As a troop cantonment, new regiments were organized and mustered into service. Numerous Union troops were stationed here in white-washed wooden barracks and tents.  Troops were instructed on march and drill in preparation of deployment to fighting Confederate troops. The number of troops stationed at Benton Barracks varied considerably as some troops in transit waited only for a short duration before being moved by steamboat to battlefields in the lower South.  Besides functioning as a campaign "launch pad", the base was also used as an encampment for paroled Federal POWs released from the Confederacy. These paroled prisoners were released by Confederate authorities on the condition they would "not bear arms against Southern forces until the expiration of parole".  At least one regiment on parole, the 3rd Minnesota Volunteer Infantry, was sent North on Aug 27, 1862 to put down the "Great Sioux Uprising".  

Dyer's Compendium records that the 29th Iowa Volunteer Infantry were stationed at Benton Barracks from Dec 19, 1861- Dec 25, 1862 during the time they guarded the post's prison.  This was probably a prison for the Barrack's Provost police which kept Union soldiers that violated regulations or committed common crimes. From Oct. 1862- April 1864, the 10th Minnesota Vol. Infantry provided garrison and provost duty. For the final months, Jan-July 1865, Co. H 39th Missouri Infantry was assigned garrison and provost duty.

Over 100 men of the 2nd Mo Colored Infantry died at the Barracks... the men,-- thinly clad... hatless, shoeless, and without food. Many suffered amputation of frozen feet or hands, and the diseases engendered by this exposure resulted in a terrible and unprecedented mortality.

Not all the troops at Benton Barracks experienced good treatment from the government. Lt. Col. William F. Fox, U.S.V. reported that for the 2nd Missouri Colored Infantry, "Over 100 men died at [Benton] Barracks before the regiment took the field, the men having been enlisted by the Provost-Marshals throughout the State and forwarded to this Post during an inclement season,-- thinly clad, and many of them hatless, shoeless, and without food. Many suffered amputation of frozen feet or hands, and the diseases engendered by this exposure resulted in a terrible and unprecedented mortality."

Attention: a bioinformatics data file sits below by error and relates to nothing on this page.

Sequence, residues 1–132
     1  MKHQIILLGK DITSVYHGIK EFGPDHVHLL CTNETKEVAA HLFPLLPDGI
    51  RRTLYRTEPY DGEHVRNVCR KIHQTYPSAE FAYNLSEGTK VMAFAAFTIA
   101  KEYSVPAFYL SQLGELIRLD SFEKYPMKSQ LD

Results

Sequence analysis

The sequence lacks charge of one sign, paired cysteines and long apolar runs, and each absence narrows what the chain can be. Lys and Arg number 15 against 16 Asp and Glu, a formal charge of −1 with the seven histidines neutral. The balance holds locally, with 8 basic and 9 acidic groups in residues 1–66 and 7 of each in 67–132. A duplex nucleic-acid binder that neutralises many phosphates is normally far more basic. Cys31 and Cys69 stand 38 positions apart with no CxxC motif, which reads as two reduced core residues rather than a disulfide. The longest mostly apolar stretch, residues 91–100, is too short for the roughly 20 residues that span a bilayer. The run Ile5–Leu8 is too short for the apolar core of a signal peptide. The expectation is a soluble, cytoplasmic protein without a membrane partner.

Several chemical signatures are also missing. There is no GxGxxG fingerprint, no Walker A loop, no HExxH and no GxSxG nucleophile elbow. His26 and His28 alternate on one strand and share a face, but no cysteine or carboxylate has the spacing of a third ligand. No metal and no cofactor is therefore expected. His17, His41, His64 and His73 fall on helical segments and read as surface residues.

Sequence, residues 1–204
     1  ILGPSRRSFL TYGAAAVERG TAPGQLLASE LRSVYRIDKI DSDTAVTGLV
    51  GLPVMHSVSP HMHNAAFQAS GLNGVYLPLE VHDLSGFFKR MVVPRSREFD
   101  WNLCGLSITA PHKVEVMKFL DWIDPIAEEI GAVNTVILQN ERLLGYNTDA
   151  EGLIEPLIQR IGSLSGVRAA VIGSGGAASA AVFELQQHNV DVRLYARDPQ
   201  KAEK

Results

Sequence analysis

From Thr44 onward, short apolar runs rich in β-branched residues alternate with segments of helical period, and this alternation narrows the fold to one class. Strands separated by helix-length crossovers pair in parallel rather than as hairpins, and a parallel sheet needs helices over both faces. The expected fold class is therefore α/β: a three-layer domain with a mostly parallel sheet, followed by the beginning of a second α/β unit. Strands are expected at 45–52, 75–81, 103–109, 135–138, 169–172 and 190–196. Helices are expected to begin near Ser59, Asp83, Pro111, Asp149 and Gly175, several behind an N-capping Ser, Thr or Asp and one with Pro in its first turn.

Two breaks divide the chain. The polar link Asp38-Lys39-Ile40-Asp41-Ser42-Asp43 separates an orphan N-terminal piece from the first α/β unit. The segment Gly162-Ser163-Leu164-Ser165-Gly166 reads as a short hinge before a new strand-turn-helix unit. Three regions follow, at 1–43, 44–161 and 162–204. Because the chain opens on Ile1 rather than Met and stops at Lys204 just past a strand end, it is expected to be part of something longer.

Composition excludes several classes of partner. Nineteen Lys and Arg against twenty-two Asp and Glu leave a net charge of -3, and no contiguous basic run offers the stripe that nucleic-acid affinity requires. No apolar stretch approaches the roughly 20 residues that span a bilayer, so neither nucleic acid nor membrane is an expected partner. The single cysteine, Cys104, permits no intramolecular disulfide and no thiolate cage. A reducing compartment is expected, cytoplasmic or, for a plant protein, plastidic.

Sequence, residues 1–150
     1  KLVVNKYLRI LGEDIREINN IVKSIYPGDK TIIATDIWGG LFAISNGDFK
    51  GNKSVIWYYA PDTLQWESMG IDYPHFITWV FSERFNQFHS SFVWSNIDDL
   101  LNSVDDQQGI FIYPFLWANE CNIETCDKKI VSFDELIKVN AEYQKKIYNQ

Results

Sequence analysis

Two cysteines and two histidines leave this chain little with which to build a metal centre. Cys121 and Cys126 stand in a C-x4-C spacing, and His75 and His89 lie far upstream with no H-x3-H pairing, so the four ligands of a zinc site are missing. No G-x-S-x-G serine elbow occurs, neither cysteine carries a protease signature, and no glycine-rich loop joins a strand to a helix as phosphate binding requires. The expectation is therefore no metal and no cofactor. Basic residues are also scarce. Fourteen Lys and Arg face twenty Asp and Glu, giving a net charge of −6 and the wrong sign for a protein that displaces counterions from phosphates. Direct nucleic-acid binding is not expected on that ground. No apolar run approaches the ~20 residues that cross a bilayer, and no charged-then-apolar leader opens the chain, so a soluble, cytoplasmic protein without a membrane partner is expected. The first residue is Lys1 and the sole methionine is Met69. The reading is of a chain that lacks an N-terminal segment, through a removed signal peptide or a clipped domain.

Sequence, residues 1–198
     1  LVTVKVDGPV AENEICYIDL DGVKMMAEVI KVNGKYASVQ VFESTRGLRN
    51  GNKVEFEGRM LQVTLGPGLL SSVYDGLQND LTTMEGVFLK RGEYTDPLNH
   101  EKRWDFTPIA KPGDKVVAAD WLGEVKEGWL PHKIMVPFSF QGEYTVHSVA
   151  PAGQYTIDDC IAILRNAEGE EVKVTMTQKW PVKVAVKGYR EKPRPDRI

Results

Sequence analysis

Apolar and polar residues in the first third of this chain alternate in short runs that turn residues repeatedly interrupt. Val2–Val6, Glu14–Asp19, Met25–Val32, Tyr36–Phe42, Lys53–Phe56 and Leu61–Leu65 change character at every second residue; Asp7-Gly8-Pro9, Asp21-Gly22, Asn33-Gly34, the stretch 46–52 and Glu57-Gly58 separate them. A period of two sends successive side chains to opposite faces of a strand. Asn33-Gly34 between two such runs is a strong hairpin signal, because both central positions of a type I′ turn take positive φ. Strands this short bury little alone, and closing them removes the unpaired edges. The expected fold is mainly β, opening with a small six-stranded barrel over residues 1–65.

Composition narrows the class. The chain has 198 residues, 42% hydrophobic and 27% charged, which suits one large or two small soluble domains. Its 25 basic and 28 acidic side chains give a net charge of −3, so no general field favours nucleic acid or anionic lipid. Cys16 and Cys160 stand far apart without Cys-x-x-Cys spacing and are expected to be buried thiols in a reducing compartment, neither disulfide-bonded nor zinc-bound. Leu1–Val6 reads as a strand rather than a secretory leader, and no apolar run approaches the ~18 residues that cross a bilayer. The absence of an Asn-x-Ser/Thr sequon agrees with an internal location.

The winter of 1862-1863 was especially tough for all soldiers at the barracks. Besides being very cold, a small pox epidemic broke out and many of the sick soldiers were taken to the small pox hospital (on an island in the Mississippi River) to die .

 

The Hospital:

Benton Barracks was also home to a large hospital, with the large amphitheatre of the former State fairgrounds converted for hospital use. The hospital had a separate facility on base for black troops as well as sick or injured slave refugees. A 1864 description of the hospital reads,

"It was enclosed, thoroughly whitewashed, furnished with iron bedsteads and good beds, and converted into one of the largest, most thoroughly ventilated and best hospitals in the United States, capable of accommodating two thousand five hundred patients. Numerous other buildings, near the main edifice, on the same grounds, formerly used by the Agriculture Society for its exhibitions, were used for officer's quarters, medical dispensary, commissary rooms, special diet kitchens, &c., and the fine walks and splendid shade added much to the beauty and attractiveness of the place."

The hospital, under supervision of Surgeon Ira Russell, U.S.V., opened on March 1st, 1863. In its first three months it had received two thousand and forty-two patients. The hospital in its first three month only experienced a 4.5% death rate.  "From June 1st, 1863 to May 1st 1864, there were four thousand eight hundred and ninety-eight patients received, and the percentage of deaths was seven and one-tenth."

 Note: The colored troops were cared for by nurses of the Colored Ladies Union Aid Society.